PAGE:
Getty Acquires Baltz Archive


August
Ray Metzker: Shadow Catcher

at Andrew Smith Gallery, Santa Fe


Guillermo Santos: La Ciudad Blanca

at Fotografica Bogota 2013,


The Getty Shares Its Collections


Inez & Vinoodh

at Gagosian Gallery (LA), Beverly Hills


July
Christian Houge: Shadow Within

at Hosfelt Gallery, San Francisco


Party Picks: Estate of Jimmy DeSana

at Salon 94 Bowery, New York


In The Studio

at John Messinger, East Hampton


That Which Is: Marcia Lippman

at KMR Arts, Washington Depot


Ben Lifson, 1941-2013


Jan Banning: Down and Out in the South

at Hagedorn Foundation Gallery, Atlanta


Tom Wood: Men and Women

at Thomas Erben Gallery, New York


From the Ground Up: The Tent Camera Photographs of Abelardo Morell

at Stephen Daiter Gallery, Chicago


Portion Control: Chrisopher Boffoli

at Winston Wächter Fine Art, New York


June
Bing Wright: Broken Mirror/Evening Sky

at James Harris Gallery, Seattle


A Different Kind of Order: The International Center of Photography Triennial

at International Center of Photography, New York


JR / Jose Parla, Wrinkles of the City, Havana Cuba

at Bryce Wolkowitz Gallery, New York


May
David Hilliard: The Tale is True

at Carroll And Sons, Boston


Japan's Modern Divide: Photographs by Hiroshi Hamaya and Kansuke Yamamoto

at Getty Center, Los Angeles


Michael Jang: The Jangs

at Stephen Wirtz Gallery, San Francisco


David Levinthal: War Games

at Corcoran Gallery of Art, Washington, D.C.


Mike Brodie's Period of Juvenile Prosperity


Spectator Sports

at Museum of Contemporary Photography, Chicago


Joshua Lutz: Hesitating Beauty

at ClampArt, New York


April
Shiprock and Mont St. Michel: Photographs by William Clift

at New Mexico Museum of Art, Santa Fe


Garry Winogrand

at SFMOMA, San Francisco


Liliana Porter: 1973

at Barbara Krakow Gallery, Boston


In The Studio

at Dillon DeWaters, Brooklyn


AIPAD's Photography Show


Bruce Davidson


March
Bill Brandt: Shadow and Light

at Museum of Modern Art, New York


Iwan Baan: The Way We Live

at Perry Rubenstein Gallery, Los Angeles


Suburbia

at Hagedorn Foundation Gallery, Atlanta


Julie Weitz

at The Suburban, Oak Park


Armory Show 2013

at Armory Show, New York


Scope New York 2013

at SCOPE New York, New York


ADAA Art Show 2013

at ADAA Art Show, New York


Shooting Stars: Publicity Stills from Early Hollywood and Portraits by Andy Warhol

at Corcoran Gallery of Art, Washington, D.C.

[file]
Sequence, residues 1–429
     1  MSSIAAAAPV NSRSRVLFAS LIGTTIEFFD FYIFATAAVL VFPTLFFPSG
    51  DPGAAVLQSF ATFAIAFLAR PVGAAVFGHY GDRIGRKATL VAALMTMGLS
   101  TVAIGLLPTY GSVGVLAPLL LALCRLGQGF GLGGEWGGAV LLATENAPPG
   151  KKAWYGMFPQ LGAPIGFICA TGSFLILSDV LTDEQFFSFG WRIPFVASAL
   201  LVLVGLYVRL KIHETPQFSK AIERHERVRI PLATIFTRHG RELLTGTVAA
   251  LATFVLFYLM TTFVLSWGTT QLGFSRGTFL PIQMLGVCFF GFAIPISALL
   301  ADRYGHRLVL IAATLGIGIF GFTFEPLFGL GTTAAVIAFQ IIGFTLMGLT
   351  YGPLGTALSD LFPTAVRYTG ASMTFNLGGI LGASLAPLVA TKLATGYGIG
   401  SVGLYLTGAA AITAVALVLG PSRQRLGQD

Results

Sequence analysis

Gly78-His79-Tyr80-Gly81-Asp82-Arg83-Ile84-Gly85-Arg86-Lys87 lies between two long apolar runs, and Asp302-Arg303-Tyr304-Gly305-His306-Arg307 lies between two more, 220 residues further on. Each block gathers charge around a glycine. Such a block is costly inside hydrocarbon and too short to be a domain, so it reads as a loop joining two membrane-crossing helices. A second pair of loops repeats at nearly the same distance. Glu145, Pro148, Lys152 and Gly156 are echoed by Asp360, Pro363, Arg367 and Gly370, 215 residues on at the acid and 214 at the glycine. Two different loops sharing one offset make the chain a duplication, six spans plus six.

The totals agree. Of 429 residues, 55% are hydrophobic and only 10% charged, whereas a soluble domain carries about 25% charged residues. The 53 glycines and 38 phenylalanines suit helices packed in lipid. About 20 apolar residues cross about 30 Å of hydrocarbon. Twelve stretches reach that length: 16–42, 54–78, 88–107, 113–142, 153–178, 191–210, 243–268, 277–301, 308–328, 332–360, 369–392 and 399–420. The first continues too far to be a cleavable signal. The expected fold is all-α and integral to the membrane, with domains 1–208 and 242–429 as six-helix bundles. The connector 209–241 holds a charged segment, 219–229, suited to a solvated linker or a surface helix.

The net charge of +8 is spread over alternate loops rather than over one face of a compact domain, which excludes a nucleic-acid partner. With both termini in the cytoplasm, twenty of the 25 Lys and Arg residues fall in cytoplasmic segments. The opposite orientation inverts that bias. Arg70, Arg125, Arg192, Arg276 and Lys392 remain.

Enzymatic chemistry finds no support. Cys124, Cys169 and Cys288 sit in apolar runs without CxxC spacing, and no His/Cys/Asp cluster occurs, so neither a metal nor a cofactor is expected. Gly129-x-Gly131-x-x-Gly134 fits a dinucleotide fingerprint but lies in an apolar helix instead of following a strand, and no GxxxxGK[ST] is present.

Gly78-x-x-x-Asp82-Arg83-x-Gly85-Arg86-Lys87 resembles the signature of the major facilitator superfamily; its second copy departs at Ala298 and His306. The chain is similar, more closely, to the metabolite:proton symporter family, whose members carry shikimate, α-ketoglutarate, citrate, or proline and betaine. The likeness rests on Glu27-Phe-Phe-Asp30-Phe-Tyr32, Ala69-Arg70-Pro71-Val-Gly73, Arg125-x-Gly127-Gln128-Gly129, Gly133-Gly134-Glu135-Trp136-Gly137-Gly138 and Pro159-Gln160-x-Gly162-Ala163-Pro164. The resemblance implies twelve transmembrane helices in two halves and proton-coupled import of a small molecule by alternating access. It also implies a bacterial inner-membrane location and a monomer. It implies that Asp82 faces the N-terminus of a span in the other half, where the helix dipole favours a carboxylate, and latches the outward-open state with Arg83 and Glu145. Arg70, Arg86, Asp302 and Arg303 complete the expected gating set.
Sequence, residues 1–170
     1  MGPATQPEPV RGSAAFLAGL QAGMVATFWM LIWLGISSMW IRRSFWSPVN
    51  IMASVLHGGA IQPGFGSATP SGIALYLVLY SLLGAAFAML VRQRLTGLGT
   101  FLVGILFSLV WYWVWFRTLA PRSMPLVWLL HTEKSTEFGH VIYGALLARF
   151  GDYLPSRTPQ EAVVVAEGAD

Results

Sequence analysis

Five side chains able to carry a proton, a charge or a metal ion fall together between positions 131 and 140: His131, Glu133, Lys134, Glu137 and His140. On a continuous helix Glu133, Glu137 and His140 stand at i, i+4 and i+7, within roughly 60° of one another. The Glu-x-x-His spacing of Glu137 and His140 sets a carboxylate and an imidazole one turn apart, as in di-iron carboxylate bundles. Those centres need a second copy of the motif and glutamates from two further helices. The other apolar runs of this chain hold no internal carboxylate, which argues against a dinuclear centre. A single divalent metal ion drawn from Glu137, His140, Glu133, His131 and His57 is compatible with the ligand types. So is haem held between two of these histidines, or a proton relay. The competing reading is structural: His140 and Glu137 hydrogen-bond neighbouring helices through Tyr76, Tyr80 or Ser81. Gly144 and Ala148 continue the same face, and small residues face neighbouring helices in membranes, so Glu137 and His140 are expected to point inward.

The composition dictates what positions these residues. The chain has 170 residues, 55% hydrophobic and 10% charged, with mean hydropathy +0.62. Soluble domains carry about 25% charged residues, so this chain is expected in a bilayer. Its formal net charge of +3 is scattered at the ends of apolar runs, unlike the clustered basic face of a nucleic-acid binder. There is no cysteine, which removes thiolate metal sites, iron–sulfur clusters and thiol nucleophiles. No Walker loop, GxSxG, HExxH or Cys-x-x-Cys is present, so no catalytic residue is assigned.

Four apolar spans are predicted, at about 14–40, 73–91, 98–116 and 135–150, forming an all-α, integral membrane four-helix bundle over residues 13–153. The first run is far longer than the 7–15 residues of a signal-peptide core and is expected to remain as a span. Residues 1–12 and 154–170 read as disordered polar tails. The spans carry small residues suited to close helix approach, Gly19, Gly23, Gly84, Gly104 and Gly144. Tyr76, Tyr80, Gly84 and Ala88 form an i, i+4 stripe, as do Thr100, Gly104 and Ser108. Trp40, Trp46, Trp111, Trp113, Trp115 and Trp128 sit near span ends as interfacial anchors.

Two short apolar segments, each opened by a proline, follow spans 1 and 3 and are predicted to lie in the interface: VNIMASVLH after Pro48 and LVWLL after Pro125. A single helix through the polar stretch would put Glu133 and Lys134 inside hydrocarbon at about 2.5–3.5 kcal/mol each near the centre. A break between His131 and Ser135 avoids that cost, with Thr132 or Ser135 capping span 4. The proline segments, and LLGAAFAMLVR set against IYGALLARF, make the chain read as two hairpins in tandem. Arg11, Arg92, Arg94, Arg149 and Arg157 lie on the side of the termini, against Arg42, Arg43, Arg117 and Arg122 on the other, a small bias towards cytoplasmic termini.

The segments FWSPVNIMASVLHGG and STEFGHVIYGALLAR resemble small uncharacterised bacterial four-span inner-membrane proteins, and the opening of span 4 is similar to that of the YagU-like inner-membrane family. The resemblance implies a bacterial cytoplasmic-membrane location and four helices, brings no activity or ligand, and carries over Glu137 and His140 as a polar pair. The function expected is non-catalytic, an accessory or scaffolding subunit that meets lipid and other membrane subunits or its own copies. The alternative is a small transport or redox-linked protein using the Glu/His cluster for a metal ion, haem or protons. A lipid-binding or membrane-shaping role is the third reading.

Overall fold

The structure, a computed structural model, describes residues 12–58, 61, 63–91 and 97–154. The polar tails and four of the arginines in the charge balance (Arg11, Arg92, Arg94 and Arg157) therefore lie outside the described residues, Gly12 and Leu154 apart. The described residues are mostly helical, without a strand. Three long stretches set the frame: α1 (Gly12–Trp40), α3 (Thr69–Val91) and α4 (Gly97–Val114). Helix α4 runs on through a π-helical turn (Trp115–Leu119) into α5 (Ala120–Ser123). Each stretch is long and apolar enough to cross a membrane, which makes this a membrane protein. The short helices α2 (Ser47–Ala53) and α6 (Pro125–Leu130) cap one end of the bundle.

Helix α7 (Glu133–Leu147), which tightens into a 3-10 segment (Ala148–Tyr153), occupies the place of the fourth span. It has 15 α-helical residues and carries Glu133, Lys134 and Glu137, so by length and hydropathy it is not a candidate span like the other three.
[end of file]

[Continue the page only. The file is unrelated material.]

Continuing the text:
February
Topsy Turvy in Madison Square Park


JoAnn Verburg: Present Tense

at G. Gibson Gallery, Seattle


Miles Barth Joins Artnet


The Unphotographable

at Fraenkel Gallery, San Francisco


Katrina del Mar: Girls Girls Girls

at Participant Inc, New York


Robin Rhode: Take Your Mind off the Street

at Lehmann Maupin (Chelsea), New York


Arne Svenson: The Neighbors

at Western Project, Culver City


January
Silvio Wolf: Us

at Bruce Silverstein Gallery, New York


Beat Memories: The Photographs of Allen Ginsberg

at Grey Art Gallery, New York


Katherine Bussard Named Curator at
Princeton Art Museum


Catherine Wagner: trans/literate.

at Stephen Wirtz Gallery, San Francisco


Karl Baden: Roadside Attractions

at Miller Yezerski Gallery, Boston


Viviane Sassen on View


January is for Hot Shots


Richard Pare: The Lost Vanguard: Soviet Modernist Architecture, 1922–32

at Graham Foundation, Chicago


2012
December
Faking it: Manipulated Photography Before Photoshop

at Metropolitan Museum of Art, New York


Idris Khan: New Photographs

at Fraenkel Gallery, San Francisco


Jessica Eaton: Polytopes

at M+B Gallery, Los Angeles


Nadav Kander: Yangtze: The Long River

at Flowers, New York


Ori Gersht: History Repeating

at Museum of Fine Arts, Boston, Boston


Attachments

at The Hole, New York


1979:1—2012:21: Jan Tichy Works with the MoCP Collection

at Museum of Contemporary Photography, Chicago


Bonni Benrubi, 1953-2012


November
October
September
August
July
June
May
April
March
February
January
2011
December
November
October
September
August
July
June
May
April
March
February
January
2010
December
November
October
September
August
July
June
May
April
March
February
January
2009
December
November
October
September
August
July
June
May
April
March
February
January
2008
December
November
October
September
August
July
June
May
April
March
February
January
2007
December
November
October
September
August
July
June
May
April
March
February
January
2006
December
November
October
September
August
July
June
May
April
March
February
January
2005
December
November
October
September
August
July
June
May
April
March
February
January
2004
December
November
October
September
August
July
June
May
April
March
February
January